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Ask Questions First, Get Punched Later

Herb Edwards is black, 48 years old, and when the weather’s nice and he’s home, he is known to tool around the neighborhood on his bike.  He’s never been convicted of a crime; felony or misdemeanor.

One late afternoon, while pulling up to his apartment he rode a short distance against traffic on the quiet street.  NYPD officers pulled up to him and issued him a summons for riding his bike against traffic.  He frankly didn’t even realize that what he’d done was illegal, but took the summons and got on his way.

About two weeks later, he was on his street riding along side his wife and her friend, who were walking on the sidewalk and chatting.  He came across police officers – different officers, and asked politely if it was against the law to ride a bike in the opposite direction on that street.

The cops could have answered “yes, it is, be careful”.  But no, “courtesy professionalism and respect”, as it says on every police blue and white, isn’t what you often get from police officers. Instead, they told him to “go back across the fucking street. “  Mr. Edwards was shocked, and asked the officer why he was speaking to him like that.  After a brief, equally rude and ridiculous further exchange, plaintiff started back across the street with his bike.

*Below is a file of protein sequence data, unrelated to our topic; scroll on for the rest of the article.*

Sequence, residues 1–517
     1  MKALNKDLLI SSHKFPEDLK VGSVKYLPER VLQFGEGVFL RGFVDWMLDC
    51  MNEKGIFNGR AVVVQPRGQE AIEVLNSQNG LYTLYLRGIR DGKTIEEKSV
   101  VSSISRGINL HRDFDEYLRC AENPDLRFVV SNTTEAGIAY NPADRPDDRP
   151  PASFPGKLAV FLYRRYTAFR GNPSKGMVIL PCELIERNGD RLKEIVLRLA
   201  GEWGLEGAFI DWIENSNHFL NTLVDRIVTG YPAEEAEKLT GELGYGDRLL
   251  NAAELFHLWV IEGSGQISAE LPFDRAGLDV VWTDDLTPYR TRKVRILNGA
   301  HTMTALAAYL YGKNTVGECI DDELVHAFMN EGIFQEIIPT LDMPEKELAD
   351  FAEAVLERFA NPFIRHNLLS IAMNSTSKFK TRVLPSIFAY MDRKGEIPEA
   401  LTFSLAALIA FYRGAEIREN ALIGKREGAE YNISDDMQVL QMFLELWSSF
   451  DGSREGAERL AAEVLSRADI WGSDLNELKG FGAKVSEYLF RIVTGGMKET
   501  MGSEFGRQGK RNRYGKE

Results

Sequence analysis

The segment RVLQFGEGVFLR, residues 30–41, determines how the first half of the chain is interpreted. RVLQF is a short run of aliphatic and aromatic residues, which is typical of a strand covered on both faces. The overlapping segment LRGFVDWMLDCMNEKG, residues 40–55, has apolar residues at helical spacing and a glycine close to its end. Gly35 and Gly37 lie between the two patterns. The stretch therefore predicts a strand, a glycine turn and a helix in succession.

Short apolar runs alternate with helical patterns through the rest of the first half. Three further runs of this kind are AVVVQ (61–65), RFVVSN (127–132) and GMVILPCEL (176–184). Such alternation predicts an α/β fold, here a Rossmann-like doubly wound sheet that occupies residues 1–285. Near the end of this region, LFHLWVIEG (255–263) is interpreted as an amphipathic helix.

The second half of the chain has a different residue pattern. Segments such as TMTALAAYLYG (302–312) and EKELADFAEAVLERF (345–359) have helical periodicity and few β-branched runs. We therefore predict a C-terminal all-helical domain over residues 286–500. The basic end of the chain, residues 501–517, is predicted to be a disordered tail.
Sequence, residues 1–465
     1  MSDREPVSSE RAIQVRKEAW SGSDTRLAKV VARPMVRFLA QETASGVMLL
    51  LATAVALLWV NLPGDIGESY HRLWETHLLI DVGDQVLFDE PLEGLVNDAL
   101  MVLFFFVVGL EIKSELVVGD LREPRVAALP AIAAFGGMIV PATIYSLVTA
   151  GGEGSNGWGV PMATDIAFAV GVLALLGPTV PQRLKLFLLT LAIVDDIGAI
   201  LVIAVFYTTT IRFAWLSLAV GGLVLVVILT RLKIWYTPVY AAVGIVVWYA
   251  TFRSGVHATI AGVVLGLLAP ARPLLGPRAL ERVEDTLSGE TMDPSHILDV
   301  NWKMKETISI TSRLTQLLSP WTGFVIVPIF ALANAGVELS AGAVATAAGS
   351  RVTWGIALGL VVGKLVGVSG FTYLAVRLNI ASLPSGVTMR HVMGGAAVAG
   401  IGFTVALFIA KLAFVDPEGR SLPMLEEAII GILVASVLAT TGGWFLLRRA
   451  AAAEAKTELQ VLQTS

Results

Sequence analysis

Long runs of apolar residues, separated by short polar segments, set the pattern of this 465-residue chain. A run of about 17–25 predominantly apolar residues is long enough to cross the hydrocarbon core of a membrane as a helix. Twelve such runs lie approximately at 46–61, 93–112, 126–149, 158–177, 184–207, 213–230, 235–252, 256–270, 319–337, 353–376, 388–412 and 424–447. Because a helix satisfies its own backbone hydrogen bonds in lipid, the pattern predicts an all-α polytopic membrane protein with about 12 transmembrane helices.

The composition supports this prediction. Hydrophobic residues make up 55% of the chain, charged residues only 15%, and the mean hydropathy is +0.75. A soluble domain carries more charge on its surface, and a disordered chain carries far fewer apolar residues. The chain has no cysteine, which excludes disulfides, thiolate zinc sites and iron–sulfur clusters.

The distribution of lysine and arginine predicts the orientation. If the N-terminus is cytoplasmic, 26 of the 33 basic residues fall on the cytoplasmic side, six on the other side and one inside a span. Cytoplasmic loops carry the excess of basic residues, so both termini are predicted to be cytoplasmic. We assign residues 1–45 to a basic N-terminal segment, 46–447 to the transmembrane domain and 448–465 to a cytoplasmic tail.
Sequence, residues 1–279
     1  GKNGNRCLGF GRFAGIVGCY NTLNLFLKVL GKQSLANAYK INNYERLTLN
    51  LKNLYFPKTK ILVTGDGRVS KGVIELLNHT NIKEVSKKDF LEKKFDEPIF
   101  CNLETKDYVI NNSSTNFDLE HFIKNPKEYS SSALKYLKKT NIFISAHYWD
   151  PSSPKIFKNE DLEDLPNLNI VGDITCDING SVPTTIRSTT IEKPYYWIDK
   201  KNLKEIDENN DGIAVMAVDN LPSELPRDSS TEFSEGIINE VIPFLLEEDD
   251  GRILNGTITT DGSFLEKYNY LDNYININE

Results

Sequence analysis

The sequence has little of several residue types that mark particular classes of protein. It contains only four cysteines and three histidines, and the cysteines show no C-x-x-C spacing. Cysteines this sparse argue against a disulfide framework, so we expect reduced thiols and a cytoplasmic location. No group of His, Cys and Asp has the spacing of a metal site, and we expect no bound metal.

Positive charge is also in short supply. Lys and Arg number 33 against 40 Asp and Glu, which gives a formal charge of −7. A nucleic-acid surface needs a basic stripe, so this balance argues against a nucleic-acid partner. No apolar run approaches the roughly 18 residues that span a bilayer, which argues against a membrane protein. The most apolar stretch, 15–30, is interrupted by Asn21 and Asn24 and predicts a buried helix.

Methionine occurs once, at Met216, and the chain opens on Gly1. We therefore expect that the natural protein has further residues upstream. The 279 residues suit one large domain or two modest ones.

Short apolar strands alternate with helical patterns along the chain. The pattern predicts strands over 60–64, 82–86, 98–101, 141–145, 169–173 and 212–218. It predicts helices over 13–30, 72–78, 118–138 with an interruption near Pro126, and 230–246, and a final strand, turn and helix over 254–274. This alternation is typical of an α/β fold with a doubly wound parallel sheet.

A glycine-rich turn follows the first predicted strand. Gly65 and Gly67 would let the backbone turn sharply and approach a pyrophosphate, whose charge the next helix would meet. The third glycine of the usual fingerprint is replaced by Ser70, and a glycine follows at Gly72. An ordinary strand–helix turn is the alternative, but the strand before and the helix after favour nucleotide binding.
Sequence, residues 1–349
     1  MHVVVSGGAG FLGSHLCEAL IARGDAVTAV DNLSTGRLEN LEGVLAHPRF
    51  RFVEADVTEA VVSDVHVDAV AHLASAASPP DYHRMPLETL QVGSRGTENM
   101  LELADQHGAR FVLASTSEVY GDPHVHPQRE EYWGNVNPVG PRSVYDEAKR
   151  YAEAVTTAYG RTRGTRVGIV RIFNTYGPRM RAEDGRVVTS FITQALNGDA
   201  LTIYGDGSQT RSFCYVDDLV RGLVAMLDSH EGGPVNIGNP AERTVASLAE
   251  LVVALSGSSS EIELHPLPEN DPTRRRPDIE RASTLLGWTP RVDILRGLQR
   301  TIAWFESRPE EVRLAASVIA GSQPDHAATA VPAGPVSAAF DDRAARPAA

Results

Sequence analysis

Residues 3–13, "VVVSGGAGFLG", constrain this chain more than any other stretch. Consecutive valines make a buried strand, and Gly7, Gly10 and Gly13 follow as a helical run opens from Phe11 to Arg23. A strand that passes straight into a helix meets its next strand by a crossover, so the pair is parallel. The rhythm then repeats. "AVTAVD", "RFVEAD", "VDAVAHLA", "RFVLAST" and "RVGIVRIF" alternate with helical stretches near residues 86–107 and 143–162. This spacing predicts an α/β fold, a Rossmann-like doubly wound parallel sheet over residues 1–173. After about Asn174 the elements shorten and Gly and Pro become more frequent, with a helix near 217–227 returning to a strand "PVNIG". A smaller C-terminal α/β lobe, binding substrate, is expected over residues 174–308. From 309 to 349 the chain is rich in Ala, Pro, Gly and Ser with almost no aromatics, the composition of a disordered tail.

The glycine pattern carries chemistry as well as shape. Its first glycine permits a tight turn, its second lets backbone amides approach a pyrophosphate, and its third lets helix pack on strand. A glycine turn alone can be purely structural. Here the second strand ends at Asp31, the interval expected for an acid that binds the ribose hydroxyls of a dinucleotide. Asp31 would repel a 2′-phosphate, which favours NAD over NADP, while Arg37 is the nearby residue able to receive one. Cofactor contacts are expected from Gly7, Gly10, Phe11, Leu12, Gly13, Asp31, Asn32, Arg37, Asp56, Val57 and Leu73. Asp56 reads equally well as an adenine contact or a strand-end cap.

As he did, however, Mr. Edwards was so angry he couldn’t help himself, he said “asshole” as he was crossing the street.  The insult was just too much to bear for these officers.  They had a choice to make, let it go, since no crime was committed, or escalate the situation for no valid reason.  They chose the latter.

In front of his wife and her friend, the cops pounced, threw him to the ground, handcuffed him, and threw him into the police van.  While handcuffed and inside the van, one of the officers, still in a rage for being called an asshole, punched him in the face, causing Mr. Edwards to suffer a laceration on the outside and the inside of his lip, requiring a trip to the ER and sutchering.

Mr. Edwards spent 21 hours imprisoned and was charged with disorderly conduct.  Of course, the charges against him were dismissed, since clearly, he was not the one acting disorderly.  As far as we know, the officer who punched him is still on the street.

Founding partner Leo Glickman has a long track record of holding the powerful accountable and fighting for progressive candidates and causes. Mr. Glickman represents candidates for Statewide and Citywide offices as well as many candidates for local legislative positions.

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